Fiscal stimulus on infrastructure investment is working
Fixed asset investment increased by 6.1% year-on-year, year-to-date in February, faster than the 5.9% rate in December.
Infrastructure investment grew 4.3%YoY YTD in February, 0.5 percentage points higher than the average rate in 2018. Road and transport investment, which is the main category of investment funded by local government special bonds, rose 13%YoY YTD, an increase of 4.8 percentage points from the average 2018 rate.
Faster growth in these areas helped to mitigate slower growth in the manufacturing sector.
The impact of fiscal stimulus on infrastructure investment is likely to become even more obvious as the year goes on, and will be the main driver of economic growth in 2019. This will be particularly true if there is no imminent agreement on a trade deal.
Strong real estate development growth
Real estate development rose by 11.6%YoY YTD in February from 9.5% in December. Within that, residential property development grew 18.0%YoY YTD, making up 72.1% of total real estate development. This is due to the fact that some local governments have started to relax home buying measures, with lower mortgage rates, taxes and down payments as well as fewer purchasing restrictions.
We are likely to see more local governments relax home buying policies to support growth.
Residential property developments (YoY YTD)
Retail sales stabilised but big ticket items are weak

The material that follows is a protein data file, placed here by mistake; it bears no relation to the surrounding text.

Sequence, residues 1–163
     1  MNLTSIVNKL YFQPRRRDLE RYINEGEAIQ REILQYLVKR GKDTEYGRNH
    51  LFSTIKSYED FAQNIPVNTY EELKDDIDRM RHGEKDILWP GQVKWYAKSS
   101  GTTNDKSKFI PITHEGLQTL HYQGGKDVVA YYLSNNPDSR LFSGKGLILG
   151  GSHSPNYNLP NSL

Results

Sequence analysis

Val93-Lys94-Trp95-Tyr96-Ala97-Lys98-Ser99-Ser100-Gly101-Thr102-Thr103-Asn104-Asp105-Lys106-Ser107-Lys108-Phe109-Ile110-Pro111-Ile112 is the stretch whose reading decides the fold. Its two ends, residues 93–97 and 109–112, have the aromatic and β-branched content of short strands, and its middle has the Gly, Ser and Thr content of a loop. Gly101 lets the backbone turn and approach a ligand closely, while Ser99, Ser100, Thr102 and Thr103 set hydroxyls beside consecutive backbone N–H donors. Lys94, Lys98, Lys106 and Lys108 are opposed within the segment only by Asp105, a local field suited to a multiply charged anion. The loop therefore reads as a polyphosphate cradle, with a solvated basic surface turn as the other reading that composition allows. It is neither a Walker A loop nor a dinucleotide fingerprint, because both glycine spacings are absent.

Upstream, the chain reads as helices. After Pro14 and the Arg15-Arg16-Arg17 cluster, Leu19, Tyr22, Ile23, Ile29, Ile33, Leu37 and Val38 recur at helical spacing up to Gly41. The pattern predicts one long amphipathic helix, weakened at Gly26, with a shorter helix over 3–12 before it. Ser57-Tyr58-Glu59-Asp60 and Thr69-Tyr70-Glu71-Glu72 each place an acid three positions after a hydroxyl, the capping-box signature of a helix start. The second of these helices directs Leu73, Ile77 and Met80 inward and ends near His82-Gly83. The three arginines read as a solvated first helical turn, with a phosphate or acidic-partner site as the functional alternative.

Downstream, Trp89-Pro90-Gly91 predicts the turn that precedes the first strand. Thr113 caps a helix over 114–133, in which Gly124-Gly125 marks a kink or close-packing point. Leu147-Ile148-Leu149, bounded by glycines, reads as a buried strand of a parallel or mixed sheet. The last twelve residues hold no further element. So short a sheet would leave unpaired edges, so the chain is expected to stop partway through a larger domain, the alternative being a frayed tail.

Retail sales growth was flat at 8.2%, with consumers more cautious about buying expensive items; jewellery grew just 4.4%YoY YTD and auto sales essentially shrank by 2.8%YoY YTD.
Consumers spent more on catering, which grew at 8.7%YoY YTD, although this could be a Chinese New Year effect.
A surprisingly high jobless rate but is it another Chinese New Year effect?
We monitor the correlation between retail sales and China's surveyed unemployment rate in urban areas, which rose to 5.3% in February from 4.96% in December.
For the first two months of 2019, there seems to have been a slight birfucation in these two data points. But we will keep monitoring them because we're surprised that the unemployment rate jumped quite quickly. Again, this could be due to the Chinese New Year effect, with some factory workers staying in their rural home towns to find jobs or to set up their own businesses. So we will have to wait another month to confirm if the deterioration in the job market is really that severe.
Long factory holiday during Chinese New Year may distort the picture for industrial production
Taking into account the Chinese New Year, industrial production grew 6.1%YoY YTD. If you exclude this factor, however, the growth rate went down to 5.3%YoY, while the previous data was 5.7%YoY.
Our preferred gauge, the production of industrial robots fell 11.0%YoY YTD, and production of automobiles continued to shrink, by 5.3%YoY YTD, while new energy vehicle production rose 53.3%YoY YTD.
We are cautious about this data because factories close for three weeks or more during the Chinese New Year, and the holiday fell into different calendar months for 2018 and 2019, so the base effect is an issue when calculating year-on-year numbers. We can draw better conclusions about the manufacturing sector's growth rate when we have the March data.
The economy will need to rely on fiscal stimulus if a trade deal is delayed
Overall, the activity data shows us that the economy has started to rely on fiscal stimulus, especially for infrastructure investment. This will continue for the rest of 2019, and will be particularly important if a trade deal comes later than expected.
The data was somewhat weak but that could be a result of the Chinese New Year's base effect. We suggest waiting for March to confirm this weakness.
Looking at the data as a whole, our GDP growth forecasts at 6.3% for 2019 and 6.2% for 1Q19 remain intact.